Farmers angry at plans to extend BVD testing scheme to 2020

Farmers are angry and are beginning to lose patience with the BVD testing , IFA Animal Health Project Team Chairman, Bert Stewart has said.

Stewart told Agriland that farmers were disappointed at the BVD Technical Working Group’s recommendation to continue tag testing for BVD until 2020.

The Monaghan-based dairy farmer said farmers need to know where the scheme is going, as it is costing them in the region of €9m on an annual basis.

“Farmers signed up for a three-year scheme, and some farmers, who opted into the voluntary phase of the scheme, are in their fourth year of testing.

“Extending the scheme out until 2020 is not what farmers had originally signed up for,” he said.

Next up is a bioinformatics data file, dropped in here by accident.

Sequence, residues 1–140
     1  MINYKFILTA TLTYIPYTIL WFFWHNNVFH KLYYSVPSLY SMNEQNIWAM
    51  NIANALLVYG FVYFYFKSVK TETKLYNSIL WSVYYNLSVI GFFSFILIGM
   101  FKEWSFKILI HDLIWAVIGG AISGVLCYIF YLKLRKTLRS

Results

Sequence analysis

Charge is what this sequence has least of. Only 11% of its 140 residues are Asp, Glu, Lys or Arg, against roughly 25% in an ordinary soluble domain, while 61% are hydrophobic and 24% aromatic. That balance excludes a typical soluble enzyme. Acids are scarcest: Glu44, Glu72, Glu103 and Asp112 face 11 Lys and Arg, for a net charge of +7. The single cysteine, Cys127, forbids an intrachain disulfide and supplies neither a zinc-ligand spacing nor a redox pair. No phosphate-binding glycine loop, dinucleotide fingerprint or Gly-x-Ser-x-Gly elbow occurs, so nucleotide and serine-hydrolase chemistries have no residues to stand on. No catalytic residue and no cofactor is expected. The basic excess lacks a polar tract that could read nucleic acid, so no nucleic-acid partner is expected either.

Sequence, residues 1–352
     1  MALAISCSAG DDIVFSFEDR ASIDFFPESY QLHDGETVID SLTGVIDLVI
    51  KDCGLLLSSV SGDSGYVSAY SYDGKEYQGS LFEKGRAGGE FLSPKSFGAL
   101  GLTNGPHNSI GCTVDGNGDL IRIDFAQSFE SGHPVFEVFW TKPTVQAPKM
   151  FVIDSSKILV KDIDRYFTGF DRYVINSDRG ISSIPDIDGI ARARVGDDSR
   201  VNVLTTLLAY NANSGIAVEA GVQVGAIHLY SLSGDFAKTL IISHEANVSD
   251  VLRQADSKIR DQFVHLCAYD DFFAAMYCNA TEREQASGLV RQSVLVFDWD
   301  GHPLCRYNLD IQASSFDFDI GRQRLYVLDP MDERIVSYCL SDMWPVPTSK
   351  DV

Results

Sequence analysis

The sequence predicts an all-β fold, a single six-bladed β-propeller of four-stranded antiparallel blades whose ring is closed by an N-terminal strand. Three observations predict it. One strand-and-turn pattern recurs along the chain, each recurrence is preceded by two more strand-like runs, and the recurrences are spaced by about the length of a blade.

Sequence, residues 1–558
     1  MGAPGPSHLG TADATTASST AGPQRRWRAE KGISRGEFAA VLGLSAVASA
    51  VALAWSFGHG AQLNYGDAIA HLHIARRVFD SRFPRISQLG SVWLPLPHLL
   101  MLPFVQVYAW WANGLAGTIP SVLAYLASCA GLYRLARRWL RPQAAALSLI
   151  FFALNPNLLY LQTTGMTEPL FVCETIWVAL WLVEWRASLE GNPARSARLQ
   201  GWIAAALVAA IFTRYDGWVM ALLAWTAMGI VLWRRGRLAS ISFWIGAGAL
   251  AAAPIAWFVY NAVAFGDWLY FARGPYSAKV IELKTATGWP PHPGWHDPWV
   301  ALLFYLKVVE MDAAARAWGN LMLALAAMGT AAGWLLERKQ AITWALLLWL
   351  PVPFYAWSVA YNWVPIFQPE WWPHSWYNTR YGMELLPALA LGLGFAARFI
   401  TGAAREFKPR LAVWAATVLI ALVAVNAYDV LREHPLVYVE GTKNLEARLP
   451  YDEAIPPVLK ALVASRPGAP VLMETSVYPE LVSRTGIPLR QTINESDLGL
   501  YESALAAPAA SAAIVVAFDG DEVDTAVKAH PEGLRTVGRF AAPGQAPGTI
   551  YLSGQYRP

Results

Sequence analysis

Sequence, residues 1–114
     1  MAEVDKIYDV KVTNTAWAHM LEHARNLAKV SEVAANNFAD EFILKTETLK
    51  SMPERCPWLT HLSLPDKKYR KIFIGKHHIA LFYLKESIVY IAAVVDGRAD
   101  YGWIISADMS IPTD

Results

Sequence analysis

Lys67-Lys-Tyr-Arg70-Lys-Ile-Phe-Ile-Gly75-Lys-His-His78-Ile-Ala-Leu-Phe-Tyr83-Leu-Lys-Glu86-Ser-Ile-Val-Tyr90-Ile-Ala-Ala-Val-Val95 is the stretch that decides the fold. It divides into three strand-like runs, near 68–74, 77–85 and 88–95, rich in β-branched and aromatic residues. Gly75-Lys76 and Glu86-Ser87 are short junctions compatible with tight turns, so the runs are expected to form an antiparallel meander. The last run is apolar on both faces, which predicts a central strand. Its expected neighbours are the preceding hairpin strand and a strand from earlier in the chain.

But, with a recommendation to extend the scheme up until 2020, he said the Department of Agriculture needs to step in and supplement the cost of BVD-testing tags to farmers.

“The Department must put in funding, they have been dragging their feet and have been slow to restrict herds which hold onto Persistently Infected (PI) calves and have been slow to notify the neighbours of these herds and vets.”

Furthermore, he said the delay in compensation payments to farmers for PI calves was unacceptable, with many farmers being forced to wait until October for payments, which were supposed to be paid in May.

Has the BVD testing scheme been effective?

Since the introduction of BVD-tag testing, Stewart said that scheme has cost almost €45m, but despite the cost, it has had a positive impact on the number of BVD-positive herds in the country.

Back in 2013, he said, there were approximately 9,500 positive herds – this dropped to 4,500 in 2015.

“There has been good progress made, but farmers are losing patience with the scheme,” he said.

Between 2013 and 2015, Stewart said that only 20 PI calves had been retained within the 120,000 herds tested.

“IFA has made its position known that it must be made compulsory to remove positive animals from herds,” he said.